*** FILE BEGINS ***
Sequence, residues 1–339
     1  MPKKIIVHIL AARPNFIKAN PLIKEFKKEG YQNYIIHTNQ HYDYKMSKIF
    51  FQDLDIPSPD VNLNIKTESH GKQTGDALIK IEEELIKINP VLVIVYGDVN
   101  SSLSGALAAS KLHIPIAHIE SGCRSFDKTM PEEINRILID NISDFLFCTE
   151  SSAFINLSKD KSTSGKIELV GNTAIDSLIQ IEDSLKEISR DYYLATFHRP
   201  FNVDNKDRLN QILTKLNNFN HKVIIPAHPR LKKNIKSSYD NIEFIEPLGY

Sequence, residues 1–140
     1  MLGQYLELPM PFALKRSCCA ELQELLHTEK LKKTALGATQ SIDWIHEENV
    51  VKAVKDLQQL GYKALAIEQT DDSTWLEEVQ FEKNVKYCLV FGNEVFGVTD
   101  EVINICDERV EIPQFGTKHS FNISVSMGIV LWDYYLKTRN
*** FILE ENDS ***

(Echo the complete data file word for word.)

Sequence, residues 1–339
     1  MPKKIIVHIL AARPNFIKAN PLIKEFKKEG YQNYIIHTNQ HYDYKMSKIF
    51  FQDLDIPSPD VNLNIKTESH GKQTGDALIK IEEELIKINP VLVIVYGDVN
   101  SSLSGALAAS KLHIPIAHIE SGCRSFDKTM PEEINRILID NISDFLFCTE
   151  SSAFINLSKD KSTSGKIELV GNTAIDSLIQ IEDSLKEISR DYYLATFHRP
   201  FNVDNKDRLN QILTKLNNFN HKVIIPAHPR LKKNIKSSYD NIEFIEPLGY

Sequence, residues 1–140
     1  MLGQYLELPM PFALKRSCCA ELQELLHTEK LKKTALGATQ SIDWIHEENV
    51  VKAVKDLQQL GYKALAIEQT DDSTWLEEVQ FEKNVKYCLV FGNEVFGVTD
   101  EVINICDERV EIPQFGTKHS FNISVSMGIV LWDYYLKTRN